The production tax credit (“PTC”) is the primary government incentive to promote renewable energy. In fact the PTC is necessary to make renewable energy cost competitive, to account for positive externalities, and to encourage private investment. These tax credits, however, are often subject to “sunset” or expiration dates, a trend in tax legislation. As a result, the PTC is only renewed for one to three years at a time. This renewal period is often shorter than the typical development cycle of a renewable energy project—-for example, it is shorter than the three to seven years required to develop a wind farm. As such, the uncertainty of the PTC’s existence chills long-term investment. Further, to the extent that the PTC spurs growth, it occurs in “boom and bust” cycles that lead to higher costs and an unsustainable domestic renewable industry. These negative impacts on the renewable energy industry, however, are not offset by any countervailing tax policy. In fact, the complexity, inequity, and inefficiency that sunset provisions produce, particularly with respect to rent-seeking and enhanced lobbying, actually frustrate the fundamental goals of a tax system.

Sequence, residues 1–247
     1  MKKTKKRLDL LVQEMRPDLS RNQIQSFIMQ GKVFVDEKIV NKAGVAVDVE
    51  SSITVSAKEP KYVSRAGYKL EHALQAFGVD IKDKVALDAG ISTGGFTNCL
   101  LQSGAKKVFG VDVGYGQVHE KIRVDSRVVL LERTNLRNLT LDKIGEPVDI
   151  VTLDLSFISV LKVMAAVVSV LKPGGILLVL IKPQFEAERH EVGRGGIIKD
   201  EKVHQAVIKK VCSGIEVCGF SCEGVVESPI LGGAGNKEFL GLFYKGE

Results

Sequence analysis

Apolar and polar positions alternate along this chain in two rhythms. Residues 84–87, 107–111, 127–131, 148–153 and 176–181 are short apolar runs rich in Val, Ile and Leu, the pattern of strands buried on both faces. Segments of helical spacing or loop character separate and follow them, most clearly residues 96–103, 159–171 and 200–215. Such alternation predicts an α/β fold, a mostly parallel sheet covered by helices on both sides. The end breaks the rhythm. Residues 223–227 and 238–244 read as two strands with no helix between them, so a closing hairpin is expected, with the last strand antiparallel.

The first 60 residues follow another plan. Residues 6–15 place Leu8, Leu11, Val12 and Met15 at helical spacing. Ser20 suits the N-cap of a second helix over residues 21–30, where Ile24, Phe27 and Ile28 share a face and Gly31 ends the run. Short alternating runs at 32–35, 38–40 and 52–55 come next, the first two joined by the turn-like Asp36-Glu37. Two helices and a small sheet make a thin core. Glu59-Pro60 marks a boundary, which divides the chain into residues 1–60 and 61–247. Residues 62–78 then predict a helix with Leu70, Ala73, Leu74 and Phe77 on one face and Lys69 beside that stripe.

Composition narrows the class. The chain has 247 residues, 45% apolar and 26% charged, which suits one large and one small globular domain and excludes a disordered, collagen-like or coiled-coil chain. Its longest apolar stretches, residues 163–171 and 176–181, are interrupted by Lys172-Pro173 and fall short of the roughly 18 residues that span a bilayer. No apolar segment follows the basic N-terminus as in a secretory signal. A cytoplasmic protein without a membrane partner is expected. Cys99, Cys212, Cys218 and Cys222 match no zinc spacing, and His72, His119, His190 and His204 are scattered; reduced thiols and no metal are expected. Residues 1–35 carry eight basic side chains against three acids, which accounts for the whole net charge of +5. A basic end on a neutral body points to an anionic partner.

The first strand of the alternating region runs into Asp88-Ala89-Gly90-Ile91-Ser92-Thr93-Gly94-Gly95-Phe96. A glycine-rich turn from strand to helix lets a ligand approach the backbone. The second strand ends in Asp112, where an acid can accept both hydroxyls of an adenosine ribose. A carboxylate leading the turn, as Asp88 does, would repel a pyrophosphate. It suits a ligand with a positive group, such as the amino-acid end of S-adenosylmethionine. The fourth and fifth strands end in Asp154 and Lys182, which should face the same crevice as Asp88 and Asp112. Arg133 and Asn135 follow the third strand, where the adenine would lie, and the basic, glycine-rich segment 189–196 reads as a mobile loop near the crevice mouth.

Erin Dewey, Sundown and You Better Take Care: Why Sunset Provisions Harm the Renewable Energy Industry and Violate Tax Principles, 52 B.C.L. Rev. 1105 (2011), https://lawdigitalcommons.bc.edu/bclr/vol52/iss3/7